553 F.2d 300 (2nd Cir. 1977), 885, United States v. Cavallaro

Docket Nº:885, 1086, Dockets 76-1437, 76-1481.
Citation:553 F.2d 300
Party Name:UNITED STATES of America, Appellee, v. Anthony L. CAVALLARO and Gerald J. Brown, Appellants.
Case Date:April 19, 1977
Court:United States Courts of Appeals, Court of Appeals for the Second Circuit
 
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Page 300

553 F.2d 300 (2nd Cir. 1977)

UNITED STATES of America, Appellee,

v.

Anthony L. CAVALLARO and Gerald J. Brown, Appellants.

Nos. 885, 1086, Dockets 76-1437, 76-1481.

United States Court of Appeals, Second Circuit

April 19, 1977

Argued March 16, 1977.

Page 301

Joseph A. Pavone, Asst. U. S. Atty., Syracuse, N. Y. (Paul V. French, U. S. Atty., N. D. N. Y., Albany, N. Y., on the brief), for appellee.

Arnold Wallach, New York City (Joel A. Scelsi, Endicott, N. Y., on the brief), for appellant Cavallaro.

Stuart E. Finer, Utica, N. Y., for appellant Brown.

Before LUMBARD and TIMBERS, Circuit Judges, and DAVIS, Judge, Court of Claims. [*]

LUMBARD, Circuit Judge:

Anthony L. Cavallaro and Gerald J. Brown appeal from convictions entered in the Northern District on September 16, 1976, after a three-day jury trial before Judge MacMahon. Appellants were tried and found guilty on one count of kidnapping in violation of 18 U.S.C. §§ 1201(a) and 2. Cavallaro and Brown were each sentenced to 25 years imprisonment. Appellants claim (1) that proof of an interstate kidnapping was not established beyond a reasonable doubt; (2) that 18 U.S.C. § 1201(a) is unconstitutionally vague; (3) that appellants' right of confrontation was violated when the court ruled it would not allow the government's chief witness to be questioned regarding her current address; (4) that the court erred in admitting evidence of a subsequent crime; and (5) that the court exhibited a bias against appellants during the trial, which deprived them of a fair trial.

The government's chief witness was Mary Shepardson. She testified that she lived with her infant child in a trailer in Endicott. Shepardson had only recently moved into a trailer home from an apartment she shared with Richard Sampson. She testified that before living with Sampson for approximately one month, she had been living with another individual, Dave Baer. On December 10, 1975, Shepardson went to the apartment of Debbie Buchanan in order to have Buchanan babysit her child. Buchanan was living with Richard Finch in a small apartment house at 5 Camden Street in the Endwell area. Sampson occupied an apartment above Buchanan and Finch.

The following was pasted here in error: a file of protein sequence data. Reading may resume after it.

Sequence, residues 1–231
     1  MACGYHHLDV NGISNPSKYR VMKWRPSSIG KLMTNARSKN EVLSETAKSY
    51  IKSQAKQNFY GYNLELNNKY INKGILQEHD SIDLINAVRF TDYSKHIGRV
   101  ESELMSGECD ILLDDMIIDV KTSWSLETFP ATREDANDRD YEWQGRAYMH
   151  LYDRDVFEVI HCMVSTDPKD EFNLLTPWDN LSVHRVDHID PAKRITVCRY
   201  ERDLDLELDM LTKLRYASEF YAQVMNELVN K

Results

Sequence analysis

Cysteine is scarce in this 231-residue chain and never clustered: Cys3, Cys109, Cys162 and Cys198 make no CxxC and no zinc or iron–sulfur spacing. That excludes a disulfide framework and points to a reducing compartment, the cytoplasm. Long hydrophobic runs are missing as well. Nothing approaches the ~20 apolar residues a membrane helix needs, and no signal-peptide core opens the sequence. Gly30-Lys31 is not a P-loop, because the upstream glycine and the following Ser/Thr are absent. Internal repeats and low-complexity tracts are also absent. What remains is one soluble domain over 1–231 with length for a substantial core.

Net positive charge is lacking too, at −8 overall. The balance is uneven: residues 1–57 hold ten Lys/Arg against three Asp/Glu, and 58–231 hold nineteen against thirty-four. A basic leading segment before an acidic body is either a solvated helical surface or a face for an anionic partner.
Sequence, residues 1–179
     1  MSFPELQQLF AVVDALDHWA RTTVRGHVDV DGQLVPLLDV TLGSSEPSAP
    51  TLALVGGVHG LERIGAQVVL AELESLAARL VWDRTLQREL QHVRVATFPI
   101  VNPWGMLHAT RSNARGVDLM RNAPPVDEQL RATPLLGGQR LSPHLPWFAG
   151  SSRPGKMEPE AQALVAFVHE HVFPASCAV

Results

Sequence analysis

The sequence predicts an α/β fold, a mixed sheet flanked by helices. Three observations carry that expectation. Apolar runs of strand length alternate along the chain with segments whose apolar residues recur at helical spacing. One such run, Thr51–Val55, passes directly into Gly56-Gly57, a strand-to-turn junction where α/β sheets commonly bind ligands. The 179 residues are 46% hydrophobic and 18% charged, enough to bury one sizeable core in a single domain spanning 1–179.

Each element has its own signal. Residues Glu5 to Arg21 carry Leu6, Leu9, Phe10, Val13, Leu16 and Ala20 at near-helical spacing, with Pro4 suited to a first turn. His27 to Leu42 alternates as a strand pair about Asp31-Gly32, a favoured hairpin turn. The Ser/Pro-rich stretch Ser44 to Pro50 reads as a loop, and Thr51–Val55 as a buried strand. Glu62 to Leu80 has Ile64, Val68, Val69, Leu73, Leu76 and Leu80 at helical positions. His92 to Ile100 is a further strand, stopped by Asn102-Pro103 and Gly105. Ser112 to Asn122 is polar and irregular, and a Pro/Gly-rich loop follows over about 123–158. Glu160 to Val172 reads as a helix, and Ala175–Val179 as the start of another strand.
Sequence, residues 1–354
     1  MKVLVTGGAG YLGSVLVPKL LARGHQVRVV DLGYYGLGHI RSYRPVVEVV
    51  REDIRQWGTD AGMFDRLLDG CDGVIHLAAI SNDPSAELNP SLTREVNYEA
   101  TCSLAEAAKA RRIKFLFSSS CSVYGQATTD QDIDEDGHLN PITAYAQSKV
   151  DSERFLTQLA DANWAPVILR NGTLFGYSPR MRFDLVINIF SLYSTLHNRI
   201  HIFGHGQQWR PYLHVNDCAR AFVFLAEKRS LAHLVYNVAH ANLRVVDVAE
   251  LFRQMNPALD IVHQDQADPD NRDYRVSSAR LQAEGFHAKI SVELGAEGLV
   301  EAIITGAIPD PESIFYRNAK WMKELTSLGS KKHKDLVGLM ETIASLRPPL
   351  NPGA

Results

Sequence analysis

After Shepardson dropped off her child with Buchanan, she hitchhiked to the welfare office to obtain money to buy fuel for her trailer. She was picked up by Cavallaro, whom Shepardson had known for about one year. Cavallaro drove her to the welfare office and she later returned to Buchanan's apartment for a time and then went out on further errands. Upon her return, Shepardson was met at the door by

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Buchanan who expressed concern for her safety. Buchanan told Shepardson that she should stay inside. Shortly thereafter, Brown, whom Shepardson had not met before, came to Buchanan's apartment. He told Shepardson that Dave Baer was outside and wanted to speak to her. Shepardson and Brown went outside to a car where Brown told Shepardson, "Get in the car. We are going for a ride." Dave Baer was sitting in the back seat, his face was swollen and "he looked scared"; Cavallaro was sitting in the driver's seat. At the time Shepardson did not know what was going on but she felt that when Brown told her to come outside she "had no choice."

Shepardson testified that after she entered the car, Cavallaro drove off down the highway. She sat in the front passenger seat while Brown sat behind her in the back seat and held her hands behind the seat "most of the time." Brown told her that she had better tell the truth about the "rip-off" and that he had been hired to kill her. Cavallaro told her that he was tired of being ripped off and lied to. Apparently, Cavallaro had been "ripped off" in a marijuana transaction and believed that two individuals, Jerry Brooks and David Lamont, were responsible. Cavallaro also believed that Shepardson might be involved, or at least that she could provide some information about Brooks. Despite continued threats, however, Shepardson insisted that she knew nothing. Cavallaro then stopped the car, and turned and pointed a gun at her. Shepardson exclaimed, "Oh my God. I don't know anything." At this point Brown told Cavallaro to "cool it" and that he would take care of the job he had been hired to do.

At some point during the ride Shepardson looked out the window and saw a sign that read "Welcome to Pennsylvania." Brown continued to threaten her, telling her that she had only a little time to talk and if she wanted to see her son again, she should tell him where they could find the people involved in the rip-off. Cavallaro stopped the car a second time and...

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